At this point, the smart play is to invest in going concerns, rather than ideas. The great entrepreneurs will always find a way to get their companies off the ground, VC connections or no. Might as well wait until there’s real traction before jumping in with an investment.

  3. Jonathan Boutelle Friday, November 14, 2008

    Great piece, Om!

    RE: Chris
    Isn’t “investing in going concerns rather than ideas” a shift that has already happened? How many VC investments (in web companies, anyway) are made before there’s some kind of proven traction? My sense is not many.

  4. Jonathan Boutelle Friday, November 14, 2008

    Er, Matthew rather. Sorry!

  5. The VC model is broken, but you are right that the VC industry is not, at least not yet. And this is because VC money is “alternative investment”, in other words the crumbs of guys who have a lot more money to deal with.
    That means that until now and as long as everybody was comfortable with who they deal with nobody really cared that the returns were not always as expected. Crumbs are crumbs and if the team that deals with my crumbs can justify results one way or another, I am not going to bother.
    What is happening however (at least this is what I hope), is that suddenly there is noise, and the LPs who have money in these VC funds cannot ignore the issue as much. And then they may have to re-consider this VC model: what is the goal, how does this work? And they may realize that there are better alternatives if you want to finance innovation, or help entrepreneurs. I started Entrepreneur Commons (www.entrepreneurcommons.org) to try to bring an answer to these questions. And if you want to read good science on the issue, I recommend this study by Ludovic Phalippou and Oliver Gottschalg: http://www.soxfirst.com/50226711/private.pdf
    The result, looking at 1328 private equity firms worldwide is:
    S&P500 +3% before fees
    S&P500 -3% after the management fees (typically 1% or 2% plus carried interest)
    So investors investing in VC funds will statistically make less than market, their investment underperforming the market by 3% on average.
    The VC model IS broken, even if nobody paid attention until now and people have kept pouring money into it.
    I am glad to read that some LPs are pulling out, hopefully this money will go next time into the right model…

  6. Thanks for the comments, everyone — and @Jonathan, thanks for noticing it was me :-)

  7. VCs Turning to BRICA in Slump? – Appfrica Saturday, November 15, 2008

    [...] Ingram of GigaOm writes.. But is it evidence that the VC game is kaput? Hardly. Instead, it’s reminiscent of Warren [...]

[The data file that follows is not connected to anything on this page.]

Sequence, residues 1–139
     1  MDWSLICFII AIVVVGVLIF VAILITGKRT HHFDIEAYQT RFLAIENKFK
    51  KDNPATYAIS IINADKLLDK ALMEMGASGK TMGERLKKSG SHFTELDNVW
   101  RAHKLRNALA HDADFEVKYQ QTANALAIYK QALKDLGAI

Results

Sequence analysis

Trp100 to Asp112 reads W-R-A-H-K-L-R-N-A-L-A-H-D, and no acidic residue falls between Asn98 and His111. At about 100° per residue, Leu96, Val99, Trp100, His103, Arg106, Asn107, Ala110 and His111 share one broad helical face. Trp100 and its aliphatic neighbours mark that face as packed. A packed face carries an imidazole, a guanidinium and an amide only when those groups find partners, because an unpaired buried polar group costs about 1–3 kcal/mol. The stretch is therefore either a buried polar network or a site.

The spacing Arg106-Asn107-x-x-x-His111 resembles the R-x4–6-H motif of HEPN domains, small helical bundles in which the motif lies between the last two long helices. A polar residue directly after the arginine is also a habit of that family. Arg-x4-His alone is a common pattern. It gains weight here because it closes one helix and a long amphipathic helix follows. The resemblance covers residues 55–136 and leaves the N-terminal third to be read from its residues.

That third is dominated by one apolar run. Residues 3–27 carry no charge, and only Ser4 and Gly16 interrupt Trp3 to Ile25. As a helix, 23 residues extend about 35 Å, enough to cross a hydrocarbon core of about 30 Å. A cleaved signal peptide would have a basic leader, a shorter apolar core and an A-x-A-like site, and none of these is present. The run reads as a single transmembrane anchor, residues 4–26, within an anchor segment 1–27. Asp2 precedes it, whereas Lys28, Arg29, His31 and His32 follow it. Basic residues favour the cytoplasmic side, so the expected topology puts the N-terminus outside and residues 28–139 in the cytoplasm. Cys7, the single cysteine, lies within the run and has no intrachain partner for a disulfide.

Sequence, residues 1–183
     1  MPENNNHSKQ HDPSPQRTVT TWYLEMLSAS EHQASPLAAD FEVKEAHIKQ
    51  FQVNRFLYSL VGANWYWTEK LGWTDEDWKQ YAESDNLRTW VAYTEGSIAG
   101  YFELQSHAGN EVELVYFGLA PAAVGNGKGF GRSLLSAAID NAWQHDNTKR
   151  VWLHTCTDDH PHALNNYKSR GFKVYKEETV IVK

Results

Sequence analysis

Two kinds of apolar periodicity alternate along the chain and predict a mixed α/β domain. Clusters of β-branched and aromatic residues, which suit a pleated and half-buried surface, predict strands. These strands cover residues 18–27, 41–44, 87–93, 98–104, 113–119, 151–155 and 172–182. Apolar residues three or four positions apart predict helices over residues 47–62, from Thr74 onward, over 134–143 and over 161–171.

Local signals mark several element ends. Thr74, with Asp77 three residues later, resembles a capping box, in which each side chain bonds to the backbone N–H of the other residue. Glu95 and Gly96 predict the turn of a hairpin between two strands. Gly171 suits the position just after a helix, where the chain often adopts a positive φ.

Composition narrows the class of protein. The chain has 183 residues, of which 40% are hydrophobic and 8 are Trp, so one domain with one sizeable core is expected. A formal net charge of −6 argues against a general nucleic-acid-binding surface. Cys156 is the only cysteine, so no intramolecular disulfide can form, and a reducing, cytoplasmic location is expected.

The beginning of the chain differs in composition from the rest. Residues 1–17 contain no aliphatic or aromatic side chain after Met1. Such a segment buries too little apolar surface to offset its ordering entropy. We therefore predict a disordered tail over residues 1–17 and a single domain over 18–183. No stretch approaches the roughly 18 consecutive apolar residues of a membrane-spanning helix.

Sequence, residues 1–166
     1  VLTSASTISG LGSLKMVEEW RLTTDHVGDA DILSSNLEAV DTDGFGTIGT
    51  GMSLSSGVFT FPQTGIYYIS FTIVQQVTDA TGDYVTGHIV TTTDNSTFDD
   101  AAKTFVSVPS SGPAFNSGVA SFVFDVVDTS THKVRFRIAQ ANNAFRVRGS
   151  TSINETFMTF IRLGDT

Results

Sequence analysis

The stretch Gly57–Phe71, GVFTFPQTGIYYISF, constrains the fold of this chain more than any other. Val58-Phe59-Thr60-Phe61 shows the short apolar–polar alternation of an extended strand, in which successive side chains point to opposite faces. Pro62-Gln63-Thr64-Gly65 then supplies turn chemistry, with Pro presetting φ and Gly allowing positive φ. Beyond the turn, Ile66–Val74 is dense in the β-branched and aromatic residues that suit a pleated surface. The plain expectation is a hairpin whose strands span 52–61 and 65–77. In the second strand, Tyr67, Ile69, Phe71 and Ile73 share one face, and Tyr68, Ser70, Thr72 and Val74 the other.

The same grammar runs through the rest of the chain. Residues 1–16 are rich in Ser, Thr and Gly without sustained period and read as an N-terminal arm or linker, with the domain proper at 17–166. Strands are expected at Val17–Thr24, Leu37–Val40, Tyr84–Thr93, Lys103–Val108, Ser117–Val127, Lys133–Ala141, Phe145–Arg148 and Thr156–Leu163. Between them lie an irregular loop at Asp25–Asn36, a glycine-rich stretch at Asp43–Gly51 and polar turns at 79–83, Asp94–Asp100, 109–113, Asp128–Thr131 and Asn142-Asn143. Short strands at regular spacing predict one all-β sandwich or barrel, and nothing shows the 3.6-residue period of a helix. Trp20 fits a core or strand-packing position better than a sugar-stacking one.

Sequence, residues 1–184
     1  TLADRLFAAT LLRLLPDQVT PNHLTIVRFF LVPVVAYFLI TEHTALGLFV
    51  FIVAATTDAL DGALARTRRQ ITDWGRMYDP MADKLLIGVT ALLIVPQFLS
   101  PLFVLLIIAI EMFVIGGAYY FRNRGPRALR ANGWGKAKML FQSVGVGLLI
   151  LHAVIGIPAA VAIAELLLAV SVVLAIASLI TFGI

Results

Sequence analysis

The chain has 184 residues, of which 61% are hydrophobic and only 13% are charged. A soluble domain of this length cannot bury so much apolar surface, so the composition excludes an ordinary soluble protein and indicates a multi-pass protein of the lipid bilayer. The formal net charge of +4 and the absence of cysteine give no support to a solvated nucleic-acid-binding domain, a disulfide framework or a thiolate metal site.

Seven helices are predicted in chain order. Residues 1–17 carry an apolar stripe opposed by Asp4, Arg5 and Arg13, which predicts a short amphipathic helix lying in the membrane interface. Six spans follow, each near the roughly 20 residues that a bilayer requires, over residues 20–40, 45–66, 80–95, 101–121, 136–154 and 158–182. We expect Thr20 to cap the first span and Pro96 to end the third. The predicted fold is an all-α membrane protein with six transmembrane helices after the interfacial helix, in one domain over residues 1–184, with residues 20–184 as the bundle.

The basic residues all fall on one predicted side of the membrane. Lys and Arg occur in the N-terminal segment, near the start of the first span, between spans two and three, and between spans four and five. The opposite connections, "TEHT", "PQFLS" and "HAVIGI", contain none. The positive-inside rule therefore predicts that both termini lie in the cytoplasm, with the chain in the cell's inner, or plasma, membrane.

8. The more things change, the more they stay the same… « Five Years Too late Saturday, November 15, 2008

    [...] a few thoughts and anecdotes about a lot of the discussion flying around the web about the VC model being broken. James D. Robinson [...]

  9. Jonathan,

    Classically, VCs would invest in companies before they launched; you needed millions of dollars to build your product, and then you’d raise more money to market it.

    Today, it’s really a game of “dump and chase” (to borrow a hockey term). Companies launch and get traction before raising money. This is true of several of the investments I’ve been involved with, like PBwiki (first VC investment 18 months after launch) and Ustream (first VC investment 12 months after launch).

  10. University Endowments and most large institutional investors are mandated by their charters to only have certain percentages of certain types of investments. Therefore, many can only have say 10% of their portfolio in VC. When their other investment categories tanked, many found themselves out of compliance having a larger proportion than allowed in VC. These organization were then required to put the VC assets on the market. (they may also have to back out of their funding commitments to a VC funds, hence the sudden actions by Sequoia and others to instruct their portfolio companies to cut back immediately)

    Therefor the big jump in Endowments putting VC assets on the market reported by Bloomberg and referenced in the article may not be signaling the overall demise of this investment class, as it is just a structural realignment due to larger market aftershocks. It would be more telling to know what the Angels, Hedge Funds and Private Equity types are doing with their VC assets, as they typically do not operate under these constraints.

Comments have been disabled for this post